We collected the family and drove them to the GRB Convention Center. About a block away, I pointed out the new park with a basketball goal, gazebos, and pristine grass that their children could play in. To make sure they got settled and, honestly, to see how the registration and entry process differed from that at the Dome and the Arenas, we accompanied the family inside. Upon arrival, we were fully patted down outside, subject to a metal detector wand wave for weapons and sharp objects, and told to empty our pockets for inspection. Tracy's cigarettes and lighter that she'd been carrying in and out of the Dome and Arenas for days were confiscated. The can opener Kathy carried around for protection was also confiscated. Once inside, two boxes overflowing with toys were waiting for the children to dive in. The limit was as much as they could carry, and the three year old’s pants were stuffed with toys in no time. our family was escorted to the computer registration area (which is somewhat different than the "technology" used at the Dome) where they were automatically assigned a FEMA number, given a security badge, and provided a “color” that correlated with the “color coded” shower schedule. Their “personal escort” walked them to their sleeping area before bringing them upstairs to the dining room for something to eat. In addition to the laundry service, we've learned that the GRB We’ve since been told that they set up a “move room” at GRB. Security personnel at GRB - federal, state, county and city law enforcement as well as private security - are, well, pick a word: organized, compassionate, engaged, sympathetic. In the short time we were there, we saw them helping a new flow of evacuees off the bus, carrying their bags, offering support and sympathy, and seeking out mental health and medical assistance as the needs arose. We commend them.

Meanwhile, over at the Dome, it smells like human waste. Food and urine are all over the floors, and children are still eating and sleeping on dirty, cold unsanitary concrete. Doors leading to long, darkened hallways remain unlocked and unsupervised. We found an entire labyrinth of secluded rooms where anything can happen, or perhaps more accurately, already has. Past a vacant hallway is a room where ceiling fixtures and electric wires hung from above. There was no lighting, and no window access to the outside. The floors were wet; it smelled like piss, and we were stepping over torn, wet, dirty clothes. Glass bottles and broken furniture were strewn across the floor. Everyone knows the room is there: we found it only after seeing two men climb over a moveable guard gate to get inside. We brought a Houston PD officer to the room and were there when another was making rounds. Intermittent inspections though are not enough. The room needs to be locked and made inaccessible. Immediately.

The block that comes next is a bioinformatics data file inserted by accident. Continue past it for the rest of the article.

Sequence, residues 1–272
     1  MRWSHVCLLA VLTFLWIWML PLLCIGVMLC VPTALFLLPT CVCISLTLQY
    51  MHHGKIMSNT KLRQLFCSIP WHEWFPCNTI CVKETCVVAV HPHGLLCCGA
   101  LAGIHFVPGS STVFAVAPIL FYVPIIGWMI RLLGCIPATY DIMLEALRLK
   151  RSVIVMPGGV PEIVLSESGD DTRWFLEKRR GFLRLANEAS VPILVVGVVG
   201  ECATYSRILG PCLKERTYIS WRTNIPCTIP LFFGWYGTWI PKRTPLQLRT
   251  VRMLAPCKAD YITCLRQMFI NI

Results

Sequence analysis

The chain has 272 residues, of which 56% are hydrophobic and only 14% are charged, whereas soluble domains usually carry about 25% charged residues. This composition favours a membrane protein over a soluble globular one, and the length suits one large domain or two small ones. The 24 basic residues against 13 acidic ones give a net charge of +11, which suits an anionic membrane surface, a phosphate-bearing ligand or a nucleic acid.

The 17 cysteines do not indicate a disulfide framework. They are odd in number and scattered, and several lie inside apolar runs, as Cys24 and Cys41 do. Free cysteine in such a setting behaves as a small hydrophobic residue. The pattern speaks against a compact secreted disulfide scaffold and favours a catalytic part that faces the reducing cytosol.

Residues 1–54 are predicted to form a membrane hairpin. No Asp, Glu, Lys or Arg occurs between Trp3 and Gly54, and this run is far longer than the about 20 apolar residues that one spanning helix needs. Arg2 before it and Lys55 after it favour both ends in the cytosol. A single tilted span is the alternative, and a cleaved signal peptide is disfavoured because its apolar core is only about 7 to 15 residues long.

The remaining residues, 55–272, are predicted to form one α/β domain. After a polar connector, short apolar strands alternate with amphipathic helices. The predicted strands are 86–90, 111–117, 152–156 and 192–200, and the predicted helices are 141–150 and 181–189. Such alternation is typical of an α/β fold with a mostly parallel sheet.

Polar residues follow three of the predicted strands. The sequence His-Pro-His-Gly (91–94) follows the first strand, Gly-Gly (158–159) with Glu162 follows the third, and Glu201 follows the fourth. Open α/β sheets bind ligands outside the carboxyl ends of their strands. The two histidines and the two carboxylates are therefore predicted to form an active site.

In the chaos of Thursday and Friday at the Dome, there wasn’t any time to document who was being transported where for medical treatment. Someone kept a scratchpad to document sick and injured evacuees taken from the Dome: “Black male, 37, broken ankle - clinic.” Families got separated, and -- as late as yesterday -- parents searched for kids, brothers for sisters, friends for friends. Med staff had a yellow pages to guess through, but no list of hospitals. One women received a message that her brother was at “airline,” but neither she nor he knew whether this was a hospital, clinic, street, whatever. Kathy’s partner created a spread sheet that lists every hospital and clinic address and phone number that we’re bringing to the Dome and other spots tonight.

We can see how the Dome seemed like a good idea initially. However, after we (whoever we is) realized that it wasn't going to hold all the evacuees, and we began housing them in currently-used building like the Arenas and George R. Brown, we should have immediately found another location and begun moving the evacuees out of the Dome. Now that we know what's possible -- even via the minimally adequate facilities at the Arenas -- and what our unbounded potential is, via the George R. Brown Convention Center, it's unconscionable to continue to house people for even another day in the Astrodome where rape, disease, and disintegration of the human soul are the order of the day. If the Dome were all that the State of Texas and the City of Houston were capable of offering, it still wouldn't be acceptable, but you might at least give us marks for having our hearts in the right place and for offering to help when an offer was needed. However, with the George R. Brown Convention Center as our potential, it makes our continued housing of human beings at the Dome so shameful that I wonder how we can continue to sleep at night until every last person is out of there and we've razed the place. Clearly we can do better; we're just not.

Please let as many people as possible know what's going on in the Astrodome. There's a public health crisis, both medical and mental. A child was raped and women continue to be sexually assaulted. There's still inadequate law enforcement, and what law enforcement is there is focused in the wrong direction. Until the light is shone in the Astrodome the way it is being shone at George R. Brown Convention Center, no one will be embarassed enough to do better. This can't just be a local volunteer effort. This has to happen at higher levels, but individuals can bring the pressure to bear that can make things happen at higher levels. Go do good work.